So I had an unfinished table with a stubborn screw and new split. Eventually I’d be able to take care of it, I’d hoped. Maybe I’d get to sand off he head of the screw and go from there. But I took no action.
It stayed as an unfinished bedside table for years. And it’s not very good for a bedside table. There are no drawers. There’s no lower shelf. But it does keep things off the ground and closer to bed level, so it qualified.
This year changed everything, as 2020 has tended to do.
I had to purchase stripped screw extractor bits for the redo of the end table. It worked well for that project, and I figured there was a good chance it would work on this one.
Note: This is the final part of this end table refinishing project series, but the Tuesday woodworking series will continue.
I left off the prior post in this series with buying a couple blocks of wood from House of Hardwood to make room for the hanger bolts installed in the legs.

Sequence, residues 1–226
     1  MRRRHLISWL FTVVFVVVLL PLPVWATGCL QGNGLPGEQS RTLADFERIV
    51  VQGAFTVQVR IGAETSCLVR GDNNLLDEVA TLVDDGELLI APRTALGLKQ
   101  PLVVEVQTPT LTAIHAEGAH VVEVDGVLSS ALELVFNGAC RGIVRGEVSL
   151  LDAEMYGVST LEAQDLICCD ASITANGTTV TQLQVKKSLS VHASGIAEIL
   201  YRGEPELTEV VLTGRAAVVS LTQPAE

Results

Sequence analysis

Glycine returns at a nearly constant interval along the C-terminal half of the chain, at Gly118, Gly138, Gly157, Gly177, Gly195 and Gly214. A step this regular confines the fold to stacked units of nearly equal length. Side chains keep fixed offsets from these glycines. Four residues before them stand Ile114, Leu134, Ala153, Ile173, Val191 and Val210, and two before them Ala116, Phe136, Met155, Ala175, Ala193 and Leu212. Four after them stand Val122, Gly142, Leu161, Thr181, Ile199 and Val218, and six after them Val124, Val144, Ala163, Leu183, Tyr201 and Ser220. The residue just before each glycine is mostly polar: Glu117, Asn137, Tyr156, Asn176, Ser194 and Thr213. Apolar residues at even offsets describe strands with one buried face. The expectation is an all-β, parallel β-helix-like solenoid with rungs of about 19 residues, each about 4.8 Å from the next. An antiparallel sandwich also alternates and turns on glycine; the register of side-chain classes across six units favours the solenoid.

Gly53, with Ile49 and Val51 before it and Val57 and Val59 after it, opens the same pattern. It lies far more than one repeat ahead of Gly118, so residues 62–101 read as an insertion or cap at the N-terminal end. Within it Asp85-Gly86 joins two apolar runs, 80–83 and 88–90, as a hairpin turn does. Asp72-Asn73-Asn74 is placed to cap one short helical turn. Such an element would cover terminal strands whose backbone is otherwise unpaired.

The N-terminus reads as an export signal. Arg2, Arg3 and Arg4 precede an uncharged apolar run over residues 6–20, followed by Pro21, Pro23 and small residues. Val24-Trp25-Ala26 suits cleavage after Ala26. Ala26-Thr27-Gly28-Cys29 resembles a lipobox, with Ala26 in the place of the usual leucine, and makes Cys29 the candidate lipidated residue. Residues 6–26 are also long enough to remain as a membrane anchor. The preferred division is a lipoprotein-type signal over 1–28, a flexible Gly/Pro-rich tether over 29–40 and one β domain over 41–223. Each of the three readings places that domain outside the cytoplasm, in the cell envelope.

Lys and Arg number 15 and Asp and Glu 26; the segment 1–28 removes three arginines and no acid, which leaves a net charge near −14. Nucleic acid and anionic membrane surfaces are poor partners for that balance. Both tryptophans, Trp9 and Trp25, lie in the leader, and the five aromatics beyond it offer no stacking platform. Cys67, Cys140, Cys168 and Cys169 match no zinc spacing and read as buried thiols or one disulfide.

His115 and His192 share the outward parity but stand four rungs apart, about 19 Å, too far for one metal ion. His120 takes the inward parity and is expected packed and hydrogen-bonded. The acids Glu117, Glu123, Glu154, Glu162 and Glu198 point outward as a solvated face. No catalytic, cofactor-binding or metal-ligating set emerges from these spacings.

I mapped out the holes for the mounts and the holes to attach the blocks to the table.
My first attempt turned out to be a little janky, but I sorted it out the second time around.
Before I attached the mounts for the legs, I checked them against the legs themselves. The last thing I needed was to put on new mounts and have those not work.
I had a thought that I could turn it into a three-legged table by moving one mount in the front to the middle. It would be like the Reliant Robin of tables. I think it would have looked pretty cool and totally in mid century modern style.
I think it would have been stable, but Calah advised that it was best to wait for a mount that was manufactured properly.
So wait I did. And finally the fourth mount came.
I rebuilt the entire table and placed it over my subwoofer because it fits nicely under that table.
Look at that!
It’s a far cry from what I started with.
I may be biased, but I think it’s a major improvement, and I’m happy to announce that it’s now where my remotes live. No more losing them in the couch. No more wondering where they are.